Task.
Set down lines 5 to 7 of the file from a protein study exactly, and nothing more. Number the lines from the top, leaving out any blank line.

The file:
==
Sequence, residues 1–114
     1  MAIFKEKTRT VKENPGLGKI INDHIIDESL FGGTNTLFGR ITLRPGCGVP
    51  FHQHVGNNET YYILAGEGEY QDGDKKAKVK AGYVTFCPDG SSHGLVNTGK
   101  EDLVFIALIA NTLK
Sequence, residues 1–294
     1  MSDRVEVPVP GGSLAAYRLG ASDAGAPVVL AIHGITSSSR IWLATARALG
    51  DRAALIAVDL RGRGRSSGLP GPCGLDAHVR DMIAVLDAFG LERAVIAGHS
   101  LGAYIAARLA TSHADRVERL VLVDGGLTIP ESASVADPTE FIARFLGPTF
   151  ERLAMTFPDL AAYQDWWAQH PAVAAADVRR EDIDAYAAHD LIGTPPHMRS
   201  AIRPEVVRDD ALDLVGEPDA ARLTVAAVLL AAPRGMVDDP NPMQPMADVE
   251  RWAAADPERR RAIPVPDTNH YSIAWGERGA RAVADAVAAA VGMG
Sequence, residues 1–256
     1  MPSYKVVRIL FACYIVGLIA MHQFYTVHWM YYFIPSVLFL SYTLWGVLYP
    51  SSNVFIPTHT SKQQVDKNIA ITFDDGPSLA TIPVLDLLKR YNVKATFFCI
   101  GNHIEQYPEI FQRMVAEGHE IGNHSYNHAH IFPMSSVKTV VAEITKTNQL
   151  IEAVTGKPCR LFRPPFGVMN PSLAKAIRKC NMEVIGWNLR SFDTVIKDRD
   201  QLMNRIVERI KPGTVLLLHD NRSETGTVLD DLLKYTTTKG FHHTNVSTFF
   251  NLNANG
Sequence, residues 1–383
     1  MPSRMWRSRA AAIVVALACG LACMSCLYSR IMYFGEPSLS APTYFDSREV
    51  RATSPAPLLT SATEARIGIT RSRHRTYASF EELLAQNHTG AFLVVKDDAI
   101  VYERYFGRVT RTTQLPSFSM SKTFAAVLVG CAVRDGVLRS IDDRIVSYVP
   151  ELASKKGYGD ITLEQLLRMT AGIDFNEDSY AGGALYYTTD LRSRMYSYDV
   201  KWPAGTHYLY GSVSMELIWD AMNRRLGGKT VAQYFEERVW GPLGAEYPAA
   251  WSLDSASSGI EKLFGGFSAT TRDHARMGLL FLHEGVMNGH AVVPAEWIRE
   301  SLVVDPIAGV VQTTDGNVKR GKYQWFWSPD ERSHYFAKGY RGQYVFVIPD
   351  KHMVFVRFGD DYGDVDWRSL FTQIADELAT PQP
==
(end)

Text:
Sequence, residues 1–294
     1  MSDRVEVPVP GGSLAAYRLG ASDAGAPVVL AIHGITSSSR IWLATARALG
    51  DRAALIAVDL RGRGRSSGLP GPCGLDAHVR DMIAVLDAFG LERAVIAGHS